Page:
‘No doubt’ China will take over Hong Kong: Former FBI assistant director
Former FBI Assistant Director Bill Gavin adds his perspective to U.S.-China relations and recent disputes over consulates.
Beijing’s top representative office in Hong Kong said on Saturday that sanctions imposed by Washington on senior Hong Kong and Chinese officials were “clowning actions” that would not frighten or intimidate Chinese people.
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Separately, the Hong Kong government said the sanctions were “shameless and despicable” and represented “blatant and barbaric” interference in China’s internal affairs.
“We will not be intimidated,” a government spokesman said.
A pro-China supporter folds a Chinese national flag after a protest against the U.S. sanctions outside the U.S. Consulate in Hong Kong Saturday, Aug. 8, 2020. (AP Photo/Vincent Yu)
The United States on Friday imposed sanctions on Luo Huining, the head of China’s Liaison Office, as well as Hong Kong leader Carrie Lam and other current and former officials that Washington accuses of curtailing political freedoms in the global financial hub.
The move accelerates rapidly deteriorating Sino-U.S. ties, more than a month after Beijing imposed sweeping national security legislation on Hong Kong that drew condemnation from Western governments and sent a chill across the city.
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“The unscrupulous intentions of the U.S. politicians to support the anti-China chaos in Hong Kong have been revealed, and their clowning actions are really ridiculous,” the Liaison Office said in a statement. “Intimidation and threats cannot frighten the Chinese people.”
Luo, the most senior mainland political official based in the Chinese-controlled territory, said U.S. sanctions on him indicated he was doing what he “should be doing for my country and Hong Kong”, according to the statement.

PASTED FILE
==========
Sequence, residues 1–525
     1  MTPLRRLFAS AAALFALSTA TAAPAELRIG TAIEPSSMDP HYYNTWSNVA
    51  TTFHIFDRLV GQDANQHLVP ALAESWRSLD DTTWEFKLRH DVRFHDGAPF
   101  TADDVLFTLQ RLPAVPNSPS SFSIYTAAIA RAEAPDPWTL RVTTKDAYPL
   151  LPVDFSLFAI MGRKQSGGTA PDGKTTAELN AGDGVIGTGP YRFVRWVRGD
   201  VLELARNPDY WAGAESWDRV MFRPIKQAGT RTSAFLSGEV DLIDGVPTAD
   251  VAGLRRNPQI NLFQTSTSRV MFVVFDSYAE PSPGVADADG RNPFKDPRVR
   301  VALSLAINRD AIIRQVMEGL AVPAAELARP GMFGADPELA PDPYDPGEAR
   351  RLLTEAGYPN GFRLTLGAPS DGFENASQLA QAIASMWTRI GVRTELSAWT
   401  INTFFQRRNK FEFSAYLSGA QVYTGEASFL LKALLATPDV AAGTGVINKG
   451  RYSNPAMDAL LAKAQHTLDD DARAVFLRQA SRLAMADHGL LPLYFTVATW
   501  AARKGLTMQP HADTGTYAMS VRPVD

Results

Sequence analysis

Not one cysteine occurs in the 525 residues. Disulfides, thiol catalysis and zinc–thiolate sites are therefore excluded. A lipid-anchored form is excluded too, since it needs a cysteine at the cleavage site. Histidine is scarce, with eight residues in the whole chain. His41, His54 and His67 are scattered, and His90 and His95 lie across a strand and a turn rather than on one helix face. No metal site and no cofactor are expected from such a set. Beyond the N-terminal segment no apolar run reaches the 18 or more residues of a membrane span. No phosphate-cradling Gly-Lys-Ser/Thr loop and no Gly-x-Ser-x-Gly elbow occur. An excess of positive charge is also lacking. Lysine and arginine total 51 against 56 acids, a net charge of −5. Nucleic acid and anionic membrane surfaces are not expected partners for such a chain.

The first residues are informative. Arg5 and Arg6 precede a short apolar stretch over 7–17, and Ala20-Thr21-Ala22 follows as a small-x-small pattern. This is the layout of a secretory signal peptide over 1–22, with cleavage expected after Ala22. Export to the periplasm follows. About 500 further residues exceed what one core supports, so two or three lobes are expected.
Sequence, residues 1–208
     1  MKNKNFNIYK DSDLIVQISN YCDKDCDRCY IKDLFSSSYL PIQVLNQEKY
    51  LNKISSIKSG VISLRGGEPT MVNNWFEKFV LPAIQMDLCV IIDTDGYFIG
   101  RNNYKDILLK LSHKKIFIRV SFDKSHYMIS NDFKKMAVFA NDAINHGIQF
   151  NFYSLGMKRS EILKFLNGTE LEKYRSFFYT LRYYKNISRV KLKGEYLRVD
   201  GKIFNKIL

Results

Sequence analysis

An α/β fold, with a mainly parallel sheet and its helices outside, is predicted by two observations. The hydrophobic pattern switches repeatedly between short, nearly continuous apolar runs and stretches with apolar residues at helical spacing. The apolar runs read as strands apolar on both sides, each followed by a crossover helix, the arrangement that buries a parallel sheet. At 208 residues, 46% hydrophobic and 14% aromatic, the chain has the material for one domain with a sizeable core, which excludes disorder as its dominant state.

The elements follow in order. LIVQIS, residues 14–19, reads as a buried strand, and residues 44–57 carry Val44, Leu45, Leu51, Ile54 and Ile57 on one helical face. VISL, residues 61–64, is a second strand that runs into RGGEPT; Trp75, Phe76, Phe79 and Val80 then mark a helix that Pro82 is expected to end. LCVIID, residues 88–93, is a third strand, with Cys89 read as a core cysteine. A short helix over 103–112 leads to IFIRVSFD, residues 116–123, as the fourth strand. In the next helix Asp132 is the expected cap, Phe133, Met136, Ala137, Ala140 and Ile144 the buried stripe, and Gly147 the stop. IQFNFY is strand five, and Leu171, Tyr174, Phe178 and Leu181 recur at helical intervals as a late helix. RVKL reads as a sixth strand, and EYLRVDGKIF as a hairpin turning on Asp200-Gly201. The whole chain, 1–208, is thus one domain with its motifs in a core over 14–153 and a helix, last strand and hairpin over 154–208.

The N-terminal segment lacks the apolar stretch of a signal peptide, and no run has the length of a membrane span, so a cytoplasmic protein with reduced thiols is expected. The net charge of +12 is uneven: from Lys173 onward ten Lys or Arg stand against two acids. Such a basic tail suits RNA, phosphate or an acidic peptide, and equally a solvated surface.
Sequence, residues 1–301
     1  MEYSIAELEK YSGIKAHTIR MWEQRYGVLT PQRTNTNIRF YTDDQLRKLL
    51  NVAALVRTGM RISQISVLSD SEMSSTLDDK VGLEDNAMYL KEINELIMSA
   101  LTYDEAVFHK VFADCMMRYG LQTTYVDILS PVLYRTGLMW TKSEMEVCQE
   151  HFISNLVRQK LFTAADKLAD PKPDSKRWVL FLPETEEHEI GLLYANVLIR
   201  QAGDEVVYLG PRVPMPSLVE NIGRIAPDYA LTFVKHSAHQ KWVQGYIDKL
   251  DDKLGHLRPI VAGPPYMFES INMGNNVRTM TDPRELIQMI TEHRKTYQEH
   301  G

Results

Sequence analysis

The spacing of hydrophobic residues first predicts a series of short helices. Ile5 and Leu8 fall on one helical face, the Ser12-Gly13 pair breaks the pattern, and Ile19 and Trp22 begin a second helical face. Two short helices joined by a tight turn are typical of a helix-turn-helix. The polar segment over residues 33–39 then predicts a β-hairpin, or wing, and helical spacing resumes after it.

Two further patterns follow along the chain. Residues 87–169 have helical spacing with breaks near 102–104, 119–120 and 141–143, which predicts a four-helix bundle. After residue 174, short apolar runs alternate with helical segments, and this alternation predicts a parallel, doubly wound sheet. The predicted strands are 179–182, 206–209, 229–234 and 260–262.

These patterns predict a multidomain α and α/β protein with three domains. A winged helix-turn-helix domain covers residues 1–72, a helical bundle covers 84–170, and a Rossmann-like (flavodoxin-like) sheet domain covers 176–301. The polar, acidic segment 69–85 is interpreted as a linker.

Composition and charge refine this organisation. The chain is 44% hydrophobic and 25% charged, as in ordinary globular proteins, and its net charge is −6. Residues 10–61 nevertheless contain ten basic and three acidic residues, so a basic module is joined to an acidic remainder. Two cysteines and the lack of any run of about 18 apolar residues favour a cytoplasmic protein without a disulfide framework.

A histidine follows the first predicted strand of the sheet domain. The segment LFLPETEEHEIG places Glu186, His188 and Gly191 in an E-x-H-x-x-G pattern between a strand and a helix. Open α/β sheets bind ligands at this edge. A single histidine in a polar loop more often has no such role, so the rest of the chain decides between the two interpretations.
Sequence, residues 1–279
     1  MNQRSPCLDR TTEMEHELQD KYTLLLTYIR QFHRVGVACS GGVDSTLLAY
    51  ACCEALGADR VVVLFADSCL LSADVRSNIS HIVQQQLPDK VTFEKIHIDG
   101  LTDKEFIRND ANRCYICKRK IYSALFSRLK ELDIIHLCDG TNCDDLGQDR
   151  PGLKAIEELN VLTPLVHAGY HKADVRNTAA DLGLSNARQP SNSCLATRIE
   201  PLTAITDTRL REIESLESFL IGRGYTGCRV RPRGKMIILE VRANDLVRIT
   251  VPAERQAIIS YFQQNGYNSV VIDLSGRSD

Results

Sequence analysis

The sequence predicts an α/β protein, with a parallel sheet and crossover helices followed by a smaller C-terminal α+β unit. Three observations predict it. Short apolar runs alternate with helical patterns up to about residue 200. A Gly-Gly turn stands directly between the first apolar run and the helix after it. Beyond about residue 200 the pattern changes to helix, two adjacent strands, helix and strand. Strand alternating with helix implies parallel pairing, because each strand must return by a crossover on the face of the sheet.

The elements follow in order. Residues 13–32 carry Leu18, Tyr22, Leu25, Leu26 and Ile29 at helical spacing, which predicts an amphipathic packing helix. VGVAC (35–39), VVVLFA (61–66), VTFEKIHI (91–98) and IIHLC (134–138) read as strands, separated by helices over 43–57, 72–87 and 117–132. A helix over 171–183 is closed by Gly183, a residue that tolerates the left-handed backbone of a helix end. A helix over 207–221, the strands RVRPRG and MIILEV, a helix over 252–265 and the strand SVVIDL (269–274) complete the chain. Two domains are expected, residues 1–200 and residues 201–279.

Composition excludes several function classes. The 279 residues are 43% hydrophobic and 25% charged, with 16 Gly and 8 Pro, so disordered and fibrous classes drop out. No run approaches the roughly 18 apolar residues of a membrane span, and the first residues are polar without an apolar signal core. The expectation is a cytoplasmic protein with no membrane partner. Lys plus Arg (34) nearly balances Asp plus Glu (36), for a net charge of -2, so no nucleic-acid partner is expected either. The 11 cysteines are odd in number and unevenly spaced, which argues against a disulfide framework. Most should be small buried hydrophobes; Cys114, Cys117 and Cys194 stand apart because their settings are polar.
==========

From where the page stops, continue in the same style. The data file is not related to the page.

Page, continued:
A protester holds a placard showing an American flag during a rally in Hong Kong on Sunday, Dec. 1, 2019. (AP Photo/Vincent Thian)
Luo has oversight of the implementation of the contentious security law that allows mainland security agents to be officially based in China’s freest city for the first time.
As well as Luo and Lam, the sanctions target Hong Kong police commissioner Chris Tang and his predecessor Stephen Lo; John Lee, Hong Kong’s secretary of security, and Teresa Cheng, the justice secretary. Xia Baolong, the director of the Hong Kong and Macau Affairs Office in Beijing, was also named.
Police chief Tang told local media on Saturday that maintaining the security of the country and Hong Kong was his responsibility, and foreign sanctions were meaningless.
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The sanctions freeze any U.S. assets of the officials, prohibit them from carrying out business in the country and generally bar Americans from doing business with them.
Beijing-backed leader Lam has previously told local media she has no assets in the United States.
Hong Kong financial regulators moved to calm market fears on Saturday, as banks in the city grappled with the implications of the sanctions. The markets watchdog said it was not aware of any aspect of the sanctions that would affect how financial firms carry out their normal operations in the city.